Since living in Nunavut I knew that I wanted to somehow translate my experience there into a novel or novels, because I found the culture and the experience so unique and fascinating. But I was working on the science fiction series and figured the time would come when I was ready, and my publisher was willing, to have me play in that world. I was given a blank slate to develop an idea and I remembered a book (‘Give Me My Father’s Body’ by Kenn Harper, with a forward by Kevin Spacey, oddly enough) when I was up North about an Inuit boy around the turn of the 20th century who’d been brought to New York. I also had a book I’d found in a second-hand shop in Montreal about the Victorian underworld. And I’ve always loved Westerns like ‘Lonesome Dove.’ I began to see that these 3 periods and cultures existed pretty much at the same time and that if I brought them together with some creative license and threw in a little magic, that this would be a fantastical world I would want to delve into culturally, socially, and psychologically. It was the perfect combination for me because I didn’t want to write a fantasy world that others had written to death (and likely better than I ever could).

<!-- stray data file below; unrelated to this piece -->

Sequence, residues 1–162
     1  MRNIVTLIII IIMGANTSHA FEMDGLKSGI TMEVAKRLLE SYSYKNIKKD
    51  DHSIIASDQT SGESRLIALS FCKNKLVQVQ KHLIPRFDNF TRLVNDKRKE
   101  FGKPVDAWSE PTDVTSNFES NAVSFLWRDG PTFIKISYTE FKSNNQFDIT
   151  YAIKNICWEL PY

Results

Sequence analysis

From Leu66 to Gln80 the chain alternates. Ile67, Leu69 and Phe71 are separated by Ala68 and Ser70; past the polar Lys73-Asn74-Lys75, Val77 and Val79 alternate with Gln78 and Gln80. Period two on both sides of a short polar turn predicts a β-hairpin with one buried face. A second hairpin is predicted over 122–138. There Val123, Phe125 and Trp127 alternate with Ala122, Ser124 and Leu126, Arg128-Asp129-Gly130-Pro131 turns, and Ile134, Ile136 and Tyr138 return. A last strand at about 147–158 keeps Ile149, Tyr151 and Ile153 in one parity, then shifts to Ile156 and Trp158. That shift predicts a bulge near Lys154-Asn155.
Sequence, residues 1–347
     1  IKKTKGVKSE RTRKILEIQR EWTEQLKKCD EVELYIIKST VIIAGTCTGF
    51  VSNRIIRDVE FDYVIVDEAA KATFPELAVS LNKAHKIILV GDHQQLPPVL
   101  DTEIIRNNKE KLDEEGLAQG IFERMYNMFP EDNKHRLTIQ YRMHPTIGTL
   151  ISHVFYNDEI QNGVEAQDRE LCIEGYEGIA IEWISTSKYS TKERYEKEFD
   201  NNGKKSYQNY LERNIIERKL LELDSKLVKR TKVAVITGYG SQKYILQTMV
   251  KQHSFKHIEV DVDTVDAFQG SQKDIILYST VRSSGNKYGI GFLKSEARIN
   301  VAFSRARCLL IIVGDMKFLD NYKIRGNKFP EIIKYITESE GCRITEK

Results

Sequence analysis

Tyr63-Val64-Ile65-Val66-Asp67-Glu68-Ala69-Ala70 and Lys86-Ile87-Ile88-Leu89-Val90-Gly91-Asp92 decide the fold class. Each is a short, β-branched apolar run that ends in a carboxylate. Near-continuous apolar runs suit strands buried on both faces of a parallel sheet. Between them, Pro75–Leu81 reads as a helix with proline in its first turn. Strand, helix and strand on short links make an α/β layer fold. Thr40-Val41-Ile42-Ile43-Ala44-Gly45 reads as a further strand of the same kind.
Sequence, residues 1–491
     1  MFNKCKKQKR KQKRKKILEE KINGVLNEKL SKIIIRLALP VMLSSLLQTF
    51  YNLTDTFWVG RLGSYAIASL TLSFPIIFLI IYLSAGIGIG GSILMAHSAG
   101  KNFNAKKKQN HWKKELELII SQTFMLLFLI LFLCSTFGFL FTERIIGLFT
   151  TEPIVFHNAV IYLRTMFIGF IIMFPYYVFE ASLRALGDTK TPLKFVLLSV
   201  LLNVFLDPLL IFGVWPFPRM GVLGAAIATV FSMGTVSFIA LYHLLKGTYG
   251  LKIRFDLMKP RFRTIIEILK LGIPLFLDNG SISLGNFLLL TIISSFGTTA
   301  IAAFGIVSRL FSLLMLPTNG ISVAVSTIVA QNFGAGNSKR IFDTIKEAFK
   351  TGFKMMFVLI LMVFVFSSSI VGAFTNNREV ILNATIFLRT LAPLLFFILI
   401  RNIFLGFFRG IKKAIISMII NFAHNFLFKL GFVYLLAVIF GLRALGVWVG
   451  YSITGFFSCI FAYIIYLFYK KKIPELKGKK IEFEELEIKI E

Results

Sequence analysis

You spent some time with Inuit tribes in the north as part of your academic research – how did that influence your ideas for the Aniw and the characters in the novel?

Working among the Inuit of Nunavut influenced me pretty directly. I knew that I wanted to highlight some aspects of what is a great and unique culture that many people are not all that familiar with, but throw my own spin into it as well. There are differences (the Inuit don’t have spiritual Dog ancestors, but I developed that idea in order to flesh out the plot of the novel with regard to the Pangani Nation tribes and the Church of the Seven Deities) and I’m conscious of the fact that I’m not Inuit so if I incorporate a specific culture like that into my writing I have to be equally conscious of what changes I make and why. Sjenn specifically was born out of some amalgamation of the Inuit women I’d read about and met when I was in the North, but she is definitely not fashioned after anyone specific. My imagination tends to flesh out all aspects of my writing and that’s part of the reason I love writing speculative fiction.

Do you have a favorite character?  If so, why?